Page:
What is a colostomy?
A colostomy (referred to as stoma) is a piece of colon that is brought through the skin to provide the body with an alternative way to eliminate the waste of digestion. Patients with medical conditions such as inflammatory bowel disease, colorectal cancer, or emergency bowel surgery can require colostomy as part of their treatment. Its main purpose is to divert the fecal stream. For some patients a colostomy is used as a permanent treatment but for some it is a temporary measure which is reversed at a later phase. There are 2 types of colostomy: end colostomy [Figure 1] and loop colostomy [Figure 2].
When a colostomy is in place, the stool comes out through it instead of the anus. In most patients, the output from a colostomy is formed and similar in consistency to stool. If a colostomy is created using the ascending or transverse colon, the output can be softer and more liquid in the early recovery period [Figure 3]. Ensuring a proper fit of the appliance to collect the waste is an important part of your care. Failure to properly care for your stoma on a daily basis can lead to skin irritation. While a colostomy is a life changing event, the majority of patients learn how effectively manage their stoma and after a period of psychological and physical adaptation they can lead successful and productive lives.
You will be able to resume physical activity gradually after surgery [see section on Post Abdominal Surgery Care for general information]. However, in the long-term avoid very heavy lifting and contact sports, such as football, wrestling, and martial arts. It is important to secure your pouch well to the skin and wear a pouch belt. For sports like running or jumping, consider wearing a close-fitting underpants or sport brief that can keep your pouch snug against your skin. If you are concerned about excessive sweating or getting the pouch wet, you can use a waterproof tape along the edges of the pouch.
Wearing a pouch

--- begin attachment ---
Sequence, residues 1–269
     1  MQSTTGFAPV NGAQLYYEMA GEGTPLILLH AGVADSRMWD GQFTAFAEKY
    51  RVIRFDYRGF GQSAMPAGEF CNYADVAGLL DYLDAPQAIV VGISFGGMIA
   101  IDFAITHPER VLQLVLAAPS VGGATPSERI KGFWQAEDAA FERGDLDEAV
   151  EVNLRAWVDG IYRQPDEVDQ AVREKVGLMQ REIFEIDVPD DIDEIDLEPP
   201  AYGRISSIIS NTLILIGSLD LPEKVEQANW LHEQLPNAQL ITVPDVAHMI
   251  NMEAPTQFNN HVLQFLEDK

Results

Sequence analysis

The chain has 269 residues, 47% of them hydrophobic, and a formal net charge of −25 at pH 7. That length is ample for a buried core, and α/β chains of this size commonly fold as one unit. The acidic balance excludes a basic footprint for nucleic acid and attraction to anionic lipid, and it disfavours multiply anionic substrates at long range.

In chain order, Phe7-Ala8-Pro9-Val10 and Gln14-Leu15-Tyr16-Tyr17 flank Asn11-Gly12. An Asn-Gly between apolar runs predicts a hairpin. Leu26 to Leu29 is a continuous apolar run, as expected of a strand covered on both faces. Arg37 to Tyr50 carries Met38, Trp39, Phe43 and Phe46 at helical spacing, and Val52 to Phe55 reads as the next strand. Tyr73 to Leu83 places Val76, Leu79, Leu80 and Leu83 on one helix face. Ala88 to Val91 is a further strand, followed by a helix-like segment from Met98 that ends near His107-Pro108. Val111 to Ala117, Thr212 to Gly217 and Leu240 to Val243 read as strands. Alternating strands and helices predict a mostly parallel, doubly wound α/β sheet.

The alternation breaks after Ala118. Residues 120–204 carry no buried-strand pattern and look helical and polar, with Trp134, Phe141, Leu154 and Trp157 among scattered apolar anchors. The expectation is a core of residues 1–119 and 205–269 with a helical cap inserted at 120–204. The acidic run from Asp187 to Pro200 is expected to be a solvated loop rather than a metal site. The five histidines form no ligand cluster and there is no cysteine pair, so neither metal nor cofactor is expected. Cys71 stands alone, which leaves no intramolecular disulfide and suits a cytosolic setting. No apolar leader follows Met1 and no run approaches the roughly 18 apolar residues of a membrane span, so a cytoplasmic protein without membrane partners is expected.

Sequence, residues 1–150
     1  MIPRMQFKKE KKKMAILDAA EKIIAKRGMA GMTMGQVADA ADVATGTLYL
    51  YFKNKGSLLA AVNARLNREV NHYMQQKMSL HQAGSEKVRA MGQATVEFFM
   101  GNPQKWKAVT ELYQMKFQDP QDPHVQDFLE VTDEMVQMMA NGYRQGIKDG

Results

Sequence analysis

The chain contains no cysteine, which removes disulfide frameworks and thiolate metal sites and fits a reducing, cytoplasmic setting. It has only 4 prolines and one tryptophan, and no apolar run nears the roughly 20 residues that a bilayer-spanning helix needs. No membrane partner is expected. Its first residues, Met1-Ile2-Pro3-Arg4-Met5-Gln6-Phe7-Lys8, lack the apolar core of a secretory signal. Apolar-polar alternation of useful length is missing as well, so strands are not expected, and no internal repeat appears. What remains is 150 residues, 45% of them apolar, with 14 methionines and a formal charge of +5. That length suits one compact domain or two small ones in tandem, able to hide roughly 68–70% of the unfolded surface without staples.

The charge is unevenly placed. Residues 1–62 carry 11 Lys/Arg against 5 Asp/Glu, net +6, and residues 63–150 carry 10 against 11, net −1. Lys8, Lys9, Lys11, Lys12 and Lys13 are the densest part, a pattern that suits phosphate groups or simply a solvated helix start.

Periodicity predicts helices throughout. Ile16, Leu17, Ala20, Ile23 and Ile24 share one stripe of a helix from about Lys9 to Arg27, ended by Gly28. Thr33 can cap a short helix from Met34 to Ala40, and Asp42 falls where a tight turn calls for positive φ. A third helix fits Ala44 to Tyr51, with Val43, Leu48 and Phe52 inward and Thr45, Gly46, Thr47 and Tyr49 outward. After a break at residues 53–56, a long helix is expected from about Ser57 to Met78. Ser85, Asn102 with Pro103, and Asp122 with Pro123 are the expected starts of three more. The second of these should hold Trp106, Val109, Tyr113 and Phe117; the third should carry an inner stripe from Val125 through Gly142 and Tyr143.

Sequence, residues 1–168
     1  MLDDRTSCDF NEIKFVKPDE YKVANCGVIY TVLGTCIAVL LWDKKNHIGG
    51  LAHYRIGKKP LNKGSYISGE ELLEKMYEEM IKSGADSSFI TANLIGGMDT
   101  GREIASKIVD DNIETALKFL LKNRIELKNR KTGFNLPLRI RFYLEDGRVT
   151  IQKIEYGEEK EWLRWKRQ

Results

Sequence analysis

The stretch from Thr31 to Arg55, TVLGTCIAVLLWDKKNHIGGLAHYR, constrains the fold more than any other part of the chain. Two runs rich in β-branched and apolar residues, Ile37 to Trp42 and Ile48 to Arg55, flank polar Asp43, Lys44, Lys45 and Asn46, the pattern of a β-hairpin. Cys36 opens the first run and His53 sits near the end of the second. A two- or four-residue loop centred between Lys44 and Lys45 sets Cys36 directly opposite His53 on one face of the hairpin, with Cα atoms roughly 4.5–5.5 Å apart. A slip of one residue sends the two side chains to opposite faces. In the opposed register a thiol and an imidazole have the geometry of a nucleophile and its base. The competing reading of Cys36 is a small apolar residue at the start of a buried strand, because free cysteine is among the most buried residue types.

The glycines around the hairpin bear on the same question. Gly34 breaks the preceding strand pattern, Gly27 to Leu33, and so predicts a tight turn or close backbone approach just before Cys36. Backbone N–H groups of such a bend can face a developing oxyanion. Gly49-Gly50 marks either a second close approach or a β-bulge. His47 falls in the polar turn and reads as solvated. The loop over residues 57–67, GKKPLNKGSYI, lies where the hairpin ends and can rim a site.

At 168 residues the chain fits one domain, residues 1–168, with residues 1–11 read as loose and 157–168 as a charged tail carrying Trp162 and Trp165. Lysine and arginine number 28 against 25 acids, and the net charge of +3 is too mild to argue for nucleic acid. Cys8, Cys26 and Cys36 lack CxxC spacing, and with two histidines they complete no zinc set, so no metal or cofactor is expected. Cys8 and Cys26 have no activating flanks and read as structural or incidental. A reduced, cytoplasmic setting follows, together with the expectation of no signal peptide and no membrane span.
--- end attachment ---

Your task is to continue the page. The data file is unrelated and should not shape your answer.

Dr. Maher Abbas and his team will discuss with you the general care of the colostomy. You will get daily teaching by the nursing staff while you are hospitalized. After discharge you will return to the clinic and seek the assistance of an enterostomal nurse (specializing in colostomy care). The first step is choosing the best area to place the colostomy. This allows you to properly care for it and be able to wear your clothes comfortably. For most patients, a colostomy is placed in the left lower aspect of the abdomen but in some cases other areas are chosen. The pouch you wear on the skin can be 1 piece or 2 pieces [Figure 4 and Figure 5]. The pouch needs to stick to your skin well and the opening needs to match the size of the stoma. Cutting too wide of an opening can lead to skin irritation and if made too small it can rub against the stoma and make it bleed and inflamed along the edges. The size of the stoma will change the first few weeks as the swelling from surgery resolves. You will need to adjust the opening in the pouch. Ideally each appliance pouch should remain on the skin for 3 to 5 days. It is important to keep the skin dry. The use of an adhesive skin barrier can be helpful. Clean the skin carefully every time you change the pouch. If you are hairy, keep the area as hair free as possible using an electric razor or a round ended scissors. Opaque pouches and fabric pouch covers keep the waste from being visible. The use of a fabric pouch cover makes wearing the pouch more comfortable by reducing heat build-up between the plastic pouch and your skin. Using a stoma belt (a belt that attaches to both sides of the bag and wraps around the abdomen) can provide you with support. There are numerous types that you can find on the internet.